More legal objections are being rejected, thus a plane is being prepared on the Ministry of Defence runway in preparation for a voyage to Africa

A plane intended to deport asylum seekers to Rwanda sits on a Ministry of Defense runway in Wiltshire – as legal challenges continue ahead of the scheduled flight tonight.

The Boeing 767-300 is based at Boscombe Down in Amesbury. It comes as a three-judge panel denied leave to a man to challenge Monday’s Court of Appeal ruling, which upheld a High Court judge’s earlier ruling not to issue an appeal. injunction to remove it from the flight.

Briefly explaining the decision, the President of the Court, Lord Reed, said there had been “an assurance” that action would be taken to bring back all migrants who had been deported by air if it appeared that government policy deportation of asylum seekers to Rwanda illegal meanwhile to the East African nation. Prime Minister Boris Johnson said the program “may take some time to work properly, but that doesn’t mean we won’t move forward.”

Asked whether it would be necessary to get out of the European Convention on Human Rights to mitigate legal challenges, Johnson added: “Will some laws need to be changed to help us as we continue? That may very well be the case, and all of these options are constantly being considered.”

Sky News understands seven asylum seekers are believed to be on the first flight from the UK to the East African country, which is due to take off tonight.

Three would-be deportees lost claims at the High Court today not to be put on the plane. One of them, an Iraqi Kurd, had contracted PTSD in Turkey while traveling to the UK and filed a complaint asking not to be removed due to his mental health and his relationship with his sister, who lives in the UK.

His application was rejected by Judge Swift, who said, “The Secretary of State had the right to make the decisions he made.”

A second, a Vietnamese man who claimed to have received death threats from loan sharks in Vietnam, was also fired after the judge dismissed an argument that he had been denied translation services. A third, a man who traveled to the UK from Iran with his 21-year-old son, asked the court to prevent his removal because of his mental health and right to family life.

Judge Swift dismissed this, saying, “I accept the prejudice the plaintiff will have as a result of his son’s divorce.”

A fourth appeal against the expulsion order in Rwanda will be heard in the Supreme Court today. Lawyers discussed in court how the plaintiffs could appeal the sentences if they were deported. Any appeal would first be heard before the Court of Appeal and then an application could be made to the Supreme Court. Secretary of State Liz Truss told Sky News this morning that she couldn’t say exactly how many migrants would be aboard the plane that was due to take off tonight.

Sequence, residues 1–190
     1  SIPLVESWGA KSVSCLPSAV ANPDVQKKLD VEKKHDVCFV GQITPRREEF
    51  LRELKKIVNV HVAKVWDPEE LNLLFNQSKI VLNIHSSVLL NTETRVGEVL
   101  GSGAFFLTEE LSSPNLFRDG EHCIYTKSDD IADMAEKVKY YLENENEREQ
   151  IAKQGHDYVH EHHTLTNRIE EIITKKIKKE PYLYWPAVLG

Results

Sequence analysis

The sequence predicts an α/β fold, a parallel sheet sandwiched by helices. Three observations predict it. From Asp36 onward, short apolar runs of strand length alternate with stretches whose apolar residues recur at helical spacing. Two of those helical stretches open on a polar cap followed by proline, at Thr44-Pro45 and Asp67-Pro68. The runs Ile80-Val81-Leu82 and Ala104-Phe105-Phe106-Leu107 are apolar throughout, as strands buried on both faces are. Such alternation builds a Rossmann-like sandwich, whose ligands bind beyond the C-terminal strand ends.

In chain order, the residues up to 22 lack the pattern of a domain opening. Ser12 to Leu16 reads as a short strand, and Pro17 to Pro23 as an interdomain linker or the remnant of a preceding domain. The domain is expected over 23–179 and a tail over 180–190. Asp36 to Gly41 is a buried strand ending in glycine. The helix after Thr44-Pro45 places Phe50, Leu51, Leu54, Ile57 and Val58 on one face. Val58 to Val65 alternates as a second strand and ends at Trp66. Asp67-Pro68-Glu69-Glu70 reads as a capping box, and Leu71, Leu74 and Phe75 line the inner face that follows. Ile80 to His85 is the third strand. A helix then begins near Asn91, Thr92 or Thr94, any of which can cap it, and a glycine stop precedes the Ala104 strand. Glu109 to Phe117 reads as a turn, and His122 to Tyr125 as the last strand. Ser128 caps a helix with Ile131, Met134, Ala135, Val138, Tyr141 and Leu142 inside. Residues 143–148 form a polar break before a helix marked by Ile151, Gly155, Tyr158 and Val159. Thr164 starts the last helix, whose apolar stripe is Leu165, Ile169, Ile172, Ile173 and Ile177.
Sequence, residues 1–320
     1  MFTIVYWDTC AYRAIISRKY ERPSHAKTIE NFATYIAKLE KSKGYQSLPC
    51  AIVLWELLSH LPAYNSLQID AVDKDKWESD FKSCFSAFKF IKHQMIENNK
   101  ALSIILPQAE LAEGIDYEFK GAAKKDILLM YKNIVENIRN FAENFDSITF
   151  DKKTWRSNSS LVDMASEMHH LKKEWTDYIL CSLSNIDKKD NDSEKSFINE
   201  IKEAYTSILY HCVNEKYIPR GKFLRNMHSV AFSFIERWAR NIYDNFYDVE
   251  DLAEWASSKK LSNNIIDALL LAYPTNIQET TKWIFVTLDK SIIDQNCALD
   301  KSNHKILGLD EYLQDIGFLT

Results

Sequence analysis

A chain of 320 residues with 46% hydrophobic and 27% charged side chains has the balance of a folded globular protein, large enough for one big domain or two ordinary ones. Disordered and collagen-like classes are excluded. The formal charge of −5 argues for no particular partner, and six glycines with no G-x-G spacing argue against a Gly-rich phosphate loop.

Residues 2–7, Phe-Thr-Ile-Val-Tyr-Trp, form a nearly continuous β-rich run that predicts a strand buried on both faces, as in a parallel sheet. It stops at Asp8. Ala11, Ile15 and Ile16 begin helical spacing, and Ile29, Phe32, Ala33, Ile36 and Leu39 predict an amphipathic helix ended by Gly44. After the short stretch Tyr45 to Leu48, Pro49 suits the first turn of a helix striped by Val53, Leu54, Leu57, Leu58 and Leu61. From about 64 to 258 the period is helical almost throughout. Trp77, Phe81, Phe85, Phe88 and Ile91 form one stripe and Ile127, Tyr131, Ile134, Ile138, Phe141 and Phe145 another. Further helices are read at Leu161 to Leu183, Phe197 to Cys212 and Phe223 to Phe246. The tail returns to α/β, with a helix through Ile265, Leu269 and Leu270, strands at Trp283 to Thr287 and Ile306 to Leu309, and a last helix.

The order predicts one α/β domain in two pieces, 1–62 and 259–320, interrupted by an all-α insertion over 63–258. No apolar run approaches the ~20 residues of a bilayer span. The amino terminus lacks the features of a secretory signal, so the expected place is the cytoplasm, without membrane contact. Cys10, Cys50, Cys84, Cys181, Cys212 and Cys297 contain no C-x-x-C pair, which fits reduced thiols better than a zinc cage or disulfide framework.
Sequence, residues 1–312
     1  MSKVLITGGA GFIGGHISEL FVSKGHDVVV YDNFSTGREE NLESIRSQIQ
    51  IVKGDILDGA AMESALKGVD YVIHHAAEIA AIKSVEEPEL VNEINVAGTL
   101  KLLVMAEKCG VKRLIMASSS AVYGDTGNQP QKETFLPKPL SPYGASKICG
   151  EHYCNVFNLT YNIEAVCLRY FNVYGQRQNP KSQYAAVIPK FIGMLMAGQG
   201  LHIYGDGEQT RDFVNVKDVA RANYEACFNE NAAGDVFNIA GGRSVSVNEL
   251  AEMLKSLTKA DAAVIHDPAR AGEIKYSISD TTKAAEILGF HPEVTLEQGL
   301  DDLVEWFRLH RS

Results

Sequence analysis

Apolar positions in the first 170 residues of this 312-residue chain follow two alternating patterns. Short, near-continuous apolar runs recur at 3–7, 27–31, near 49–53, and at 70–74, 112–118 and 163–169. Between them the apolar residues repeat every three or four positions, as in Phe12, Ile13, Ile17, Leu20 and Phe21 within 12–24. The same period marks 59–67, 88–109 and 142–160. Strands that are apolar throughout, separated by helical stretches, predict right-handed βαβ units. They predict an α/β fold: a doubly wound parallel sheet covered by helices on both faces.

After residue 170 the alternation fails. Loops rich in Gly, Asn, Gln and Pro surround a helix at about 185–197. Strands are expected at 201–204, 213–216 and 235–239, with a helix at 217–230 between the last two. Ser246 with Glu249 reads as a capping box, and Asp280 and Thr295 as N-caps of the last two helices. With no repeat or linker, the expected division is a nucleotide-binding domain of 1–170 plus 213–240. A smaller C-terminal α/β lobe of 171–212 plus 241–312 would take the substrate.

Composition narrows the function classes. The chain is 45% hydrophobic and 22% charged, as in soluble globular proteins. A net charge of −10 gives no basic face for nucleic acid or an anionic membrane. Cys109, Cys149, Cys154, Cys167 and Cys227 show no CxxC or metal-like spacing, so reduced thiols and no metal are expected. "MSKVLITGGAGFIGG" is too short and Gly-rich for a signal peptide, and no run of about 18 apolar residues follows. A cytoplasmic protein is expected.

But she rejected claims by Church of England leaders that the policy of putting asylum seekers on a one-way flight to East Africa “puts Britain to shame.” The flight could cost £ 500,000

A legal appeal by the Supreme Court and the Court of Appeals, filed by groups including Care4Calais, for the first flight under the Rwanda scheme failed with reports estimating the cost of the flight at £ 500,000.

The aim of the program is to discourage people from illegally entering the UK. So far today, 92 adults and 12 children have been brought ashore by Border Force officers after attempting to cross the English Channel. When asked where they came from, they answered Syria, Iraq and Afghanistan. Ms Truss said she couldn’t put a figure on the cost of the flight, but insisted: ‘It’s good value for money.’

She dismissed criticism from the bishops, saying the Rwandan policy was “entirely legal” and “entirely moral” and urged opponents to find an alternative to the plan, which she called “effective and working”.

Mr Johnson has denounced lawyers who have questioned the policy. On Tuesday he told the cabinet: “What the criminal gangs are doing and what those who actually support the work of the criminal gangs are doing undermines people’s trust in the safe and legal system.”

In Kigali, the capital of Rwanda, Sky News asked the country’s government what it thought of the deportees, saying they would rather die than be sent there.

Spokesman Yolande Makolo said: “We do not see life in Rwanda as a punishment”.

“Impossible and expensive”

Shadow Labor Culture Secretary Lucy Powell told Sky News: “We think this policy is impractical … it’s incredibly expensive. This will potentially cost over a million pounds per refugee who fails or succeeds in making it to Rwanda. And we think that’s unethical – and it’s actually quite un-British.

“We are known around the world as a haven for those truly fleeing persecution and war – it has been part of our makeup in this country for decades.”

The Archbishops of Canterbury and York – along with 23 other bishops – wrote a letter to The Times saying no attempt had been made to “understand the fate” of those affected. Their letter reads: “Regardless of whether the first expulsion flight leaves Britain for Rwanda, these policies should put us as a nation ashamed.

“The shame is ours, because our Christian heritage should inspire us to treat asylum seekers with compassion, fairness and justice, as we have done for centuries.”

But the deportations – and the possible forced return of asylum seekers to their homelands – are immoral and shame us as a nation. Last year, more than 28,000 people crossed the English Channel in small boats, more than three times the number in 2020.

According to data from the Interior Ministry, more than half were Iranians or Iraqis, and people from Eritrea and Syria also crossed the crossing.